Who would ever think that even color blindness could be
connected to judging people favorably? Something to think
There are many people who have never met a color blind person,
and have never thought about the subject at all. Some of these
people think that there is no such phenomenon, that it is just
a figure of speech. I met a highly intelligent teacher once
who slapped a boy (in the `olden days') for being cheeky. He
had colored the leaves of a tree a bright red, and the teacher
had asked jokingly, "Are you color blind?" To which the child
had replied very positively that he was. When the teacher
related this story to me, I remarked that he probably was,
indeed, and this teacher was convinced that there was no such
What is color blindness? The Encyclopedia Britannica
writes: "The inability to distinguish one or more of the three
colors: red, green and blue." Color blind people may be blind
to one, two or all three of these colors.
Color blindness, perhaps color deficiency for those who regard
the term as offensive, affects about 7 or 8% of the male
population and 0.5% of females. That is about one in twelve
males and one in two hundred females. A color blind man and a
woman who sees colors normally, will have daughters with
normal vision who are carriers of this gene. The daughters'
sons, or at least some of them, will very likely be color
blind. If a color blind man is married to a carrier, then
their daughters might also be color blind. The sons of a color
blind man and a woman with normal vision, have normal color
vision themselves and cannot pass on this gene.
When light stimulates the retina which is a membrane lining
inside the back of the eye, a person sees. Tle retina is made
up of cones and rods. The cones which are located at the
center of retina let us see color by day, but are not much use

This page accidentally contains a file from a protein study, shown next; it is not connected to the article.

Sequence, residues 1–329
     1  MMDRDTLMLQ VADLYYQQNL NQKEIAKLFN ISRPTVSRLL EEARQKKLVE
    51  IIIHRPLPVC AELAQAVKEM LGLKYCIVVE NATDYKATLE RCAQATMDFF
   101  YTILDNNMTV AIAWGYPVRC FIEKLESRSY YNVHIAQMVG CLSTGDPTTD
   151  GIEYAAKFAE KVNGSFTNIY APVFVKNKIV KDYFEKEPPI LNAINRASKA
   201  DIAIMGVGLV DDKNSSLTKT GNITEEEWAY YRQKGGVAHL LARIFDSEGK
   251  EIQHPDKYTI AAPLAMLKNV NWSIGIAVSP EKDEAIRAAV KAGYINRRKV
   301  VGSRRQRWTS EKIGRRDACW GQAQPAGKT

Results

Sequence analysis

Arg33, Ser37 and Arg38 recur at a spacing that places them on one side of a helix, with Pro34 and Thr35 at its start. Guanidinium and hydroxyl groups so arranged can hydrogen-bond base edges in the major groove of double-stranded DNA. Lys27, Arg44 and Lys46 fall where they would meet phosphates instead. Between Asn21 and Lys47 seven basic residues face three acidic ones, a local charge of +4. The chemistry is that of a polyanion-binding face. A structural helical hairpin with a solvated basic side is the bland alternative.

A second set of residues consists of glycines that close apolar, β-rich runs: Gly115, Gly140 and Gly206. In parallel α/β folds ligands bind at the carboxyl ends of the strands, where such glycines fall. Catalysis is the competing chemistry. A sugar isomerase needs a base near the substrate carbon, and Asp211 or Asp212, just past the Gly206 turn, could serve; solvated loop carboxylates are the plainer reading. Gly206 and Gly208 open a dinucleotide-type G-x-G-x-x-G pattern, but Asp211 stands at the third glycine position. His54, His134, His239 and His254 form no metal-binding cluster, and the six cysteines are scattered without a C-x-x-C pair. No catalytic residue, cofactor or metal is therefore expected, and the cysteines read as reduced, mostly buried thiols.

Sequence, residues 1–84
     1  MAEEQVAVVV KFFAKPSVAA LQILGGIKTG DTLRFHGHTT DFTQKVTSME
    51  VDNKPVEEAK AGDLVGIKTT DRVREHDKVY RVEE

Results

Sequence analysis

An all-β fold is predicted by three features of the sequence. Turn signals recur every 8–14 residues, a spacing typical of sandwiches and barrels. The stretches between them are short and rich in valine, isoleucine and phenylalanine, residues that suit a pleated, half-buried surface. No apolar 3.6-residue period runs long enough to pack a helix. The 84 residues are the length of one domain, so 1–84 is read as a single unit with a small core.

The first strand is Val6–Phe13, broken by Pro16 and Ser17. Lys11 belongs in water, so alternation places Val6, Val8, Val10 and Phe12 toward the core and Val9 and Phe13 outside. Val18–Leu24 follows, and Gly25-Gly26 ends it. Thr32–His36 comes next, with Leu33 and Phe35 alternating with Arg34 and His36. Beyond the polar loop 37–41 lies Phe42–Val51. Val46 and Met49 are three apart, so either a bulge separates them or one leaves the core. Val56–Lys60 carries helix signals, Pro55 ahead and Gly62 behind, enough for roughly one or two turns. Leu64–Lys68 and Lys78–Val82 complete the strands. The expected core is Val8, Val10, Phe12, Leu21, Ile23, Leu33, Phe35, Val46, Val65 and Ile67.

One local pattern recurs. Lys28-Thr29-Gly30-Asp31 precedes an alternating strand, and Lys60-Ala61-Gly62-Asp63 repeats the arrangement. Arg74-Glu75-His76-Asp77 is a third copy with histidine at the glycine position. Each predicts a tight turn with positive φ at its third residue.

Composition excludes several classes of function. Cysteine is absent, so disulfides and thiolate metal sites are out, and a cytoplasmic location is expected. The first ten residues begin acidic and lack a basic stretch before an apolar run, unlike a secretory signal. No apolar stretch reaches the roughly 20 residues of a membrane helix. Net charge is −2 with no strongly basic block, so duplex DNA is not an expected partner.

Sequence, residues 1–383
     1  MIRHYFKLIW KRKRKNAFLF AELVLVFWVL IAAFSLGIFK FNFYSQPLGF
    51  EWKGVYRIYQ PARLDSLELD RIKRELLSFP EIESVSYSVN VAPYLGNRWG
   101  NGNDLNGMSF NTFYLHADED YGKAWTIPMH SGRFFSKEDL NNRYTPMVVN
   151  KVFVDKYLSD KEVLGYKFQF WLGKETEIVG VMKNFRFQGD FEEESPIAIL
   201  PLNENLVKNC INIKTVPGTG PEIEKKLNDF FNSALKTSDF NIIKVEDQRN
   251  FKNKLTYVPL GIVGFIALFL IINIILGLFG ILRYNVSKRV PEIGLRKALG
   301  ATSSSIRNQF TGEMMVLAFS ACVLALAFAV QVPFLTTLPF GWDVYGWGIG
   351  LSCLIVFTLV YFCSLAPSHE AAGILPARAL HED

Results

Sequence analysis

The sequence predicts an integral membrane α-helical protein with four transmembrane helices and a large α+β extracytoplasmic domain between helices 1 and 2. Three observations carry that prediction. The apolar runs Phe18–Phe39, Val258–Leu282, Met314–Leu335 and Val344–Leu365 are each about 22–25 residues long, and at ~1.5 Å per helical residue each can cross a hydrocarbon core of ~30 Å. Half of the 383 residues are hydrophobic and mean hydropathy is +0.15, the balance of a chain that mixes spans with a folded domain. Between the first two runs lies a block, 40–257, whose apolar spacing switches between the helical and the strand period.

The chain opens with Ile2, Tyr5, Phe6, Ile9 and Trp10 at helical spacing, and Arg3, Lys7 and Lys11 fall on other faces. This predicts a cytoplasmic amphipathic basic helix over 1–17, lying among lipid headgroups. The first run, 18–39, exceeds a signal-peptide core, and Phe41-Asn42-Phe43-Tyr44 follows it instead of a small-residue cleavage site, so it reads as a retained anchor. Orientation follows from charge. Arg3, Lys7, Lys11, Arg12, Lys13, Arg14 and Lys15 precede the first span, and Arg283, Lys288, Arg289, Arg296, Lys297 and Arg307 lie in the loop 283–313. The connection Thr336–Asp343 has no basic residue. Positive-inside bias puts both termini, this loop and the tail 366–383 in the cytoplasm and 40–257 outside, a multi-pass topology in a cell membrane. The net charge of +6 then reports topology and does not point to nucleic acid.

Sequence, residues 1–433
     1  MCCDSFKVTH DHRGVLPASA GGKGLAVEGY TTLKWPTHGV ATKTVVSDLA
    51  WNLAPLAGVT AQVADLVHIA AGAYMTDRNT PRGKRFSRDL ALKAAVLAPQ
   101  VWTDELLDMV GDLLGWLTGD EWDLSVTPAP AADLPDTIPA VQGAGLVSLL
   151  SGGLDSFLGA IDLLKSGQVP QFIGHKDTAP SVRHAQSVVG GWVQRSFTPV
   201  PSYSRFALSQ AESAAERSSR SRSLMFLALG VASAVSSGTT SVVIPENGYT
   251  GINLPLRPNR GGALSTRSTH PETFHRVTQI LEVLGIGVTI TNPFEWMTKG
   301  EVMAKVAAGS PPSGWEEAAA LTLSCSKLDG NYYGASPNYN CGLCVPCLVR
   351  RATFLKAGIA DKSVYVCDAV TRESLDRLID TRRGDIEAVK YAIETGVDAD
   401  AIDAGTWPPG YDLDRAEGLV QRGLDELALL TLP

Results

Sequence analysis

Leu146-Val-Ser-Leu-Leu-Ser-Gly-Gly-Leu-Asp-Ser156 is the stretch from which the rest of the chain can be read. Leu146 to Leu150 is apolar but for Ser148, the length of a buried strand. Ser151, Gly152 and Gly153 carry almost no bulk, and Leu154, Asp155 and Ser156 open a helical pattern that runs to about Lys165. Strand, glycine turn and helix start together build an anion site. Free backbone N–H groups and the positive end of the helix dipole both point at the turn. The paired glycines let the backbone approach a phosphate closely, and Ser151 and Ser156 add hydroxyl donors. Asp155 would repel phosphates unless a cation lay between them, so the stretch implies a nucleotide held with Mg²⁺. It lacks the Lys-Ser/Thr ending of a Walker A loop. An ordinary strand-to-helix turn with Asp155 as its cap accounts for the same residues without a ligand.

at night. This is why we cannot distinguish color at night.
The rods give us night vision, but do not distinguish
Many people think that color blind people see only black and
white, but this is not true. It is extremely rare for someone
not to be aware of any colors. The cones contain a
light sensitive pigment. Genes contain the coding instructions
for these pigments. If the coding instructions are wrong, the
cones will be sensitive to different wavelengths of light,
which results in the color deficiency.
People with normal cones and light sensitive pigments are able
to see all the different colors and shades by using cones
sensitive to one of three wavelengths of light: red, green and
blue, as mentioned before. There are many color deficient
people who do not even know that they have a problem. They are
poor at telling the difference in shades of red, orange,
yellow and green.
There are others who are not just poor at differentiating
between colors and shades. They are the severely color blind.
They see no difference between red, orange, yellow and green.
Lavender, violet, purple and blue all seem to be blue. Green,
beige and brown are indistinguishable from each other. Red and
black are often the same in different lights.
A Japanese man devised a series of plates in 1917 which are
now the basis of all tests for color blindness. There are a
series of circles, which are filled with a background of grey
dots, with varying digit patterns in different color dots
imposed on the background. Underneath each pattern he writes
which digit a normal sighted person can see, and which digit
people with varying degrees of color blindness can see. For
example, he may write "People with normal vision will see a 2,
some others (there are different names for the different kinds
and degrees of color blindness) will see a 7 and some will see
no number at all." Several people who had access to this book
have discovered that they had been color blind all their
lives, without being aware of it!
Most opticians are equipped with Ishihara's tests, but
kindergarten teachers are not. They do not realize the
implications in the everyday world. Even if they have learned
about the subject in theory, they do not really know what is
involved. Bus companies that display bright red numbers on
a black background disregard the fact that numerous passengers
are unable to read the numbers at all.
The next article will discuss everyday experiences of the
color blind, and bring some examples of true stories which
happened to color blind children or adults. There are also
some experimental `cures' or rather, aids, which seem to help
color blind people see colors for the first time in their
Anyone interested in this subject will find books in any
library which do not just scratch the surface but give all the
names of the varying degrees of color blindness. Ishihara's
tests are also available from some libraries.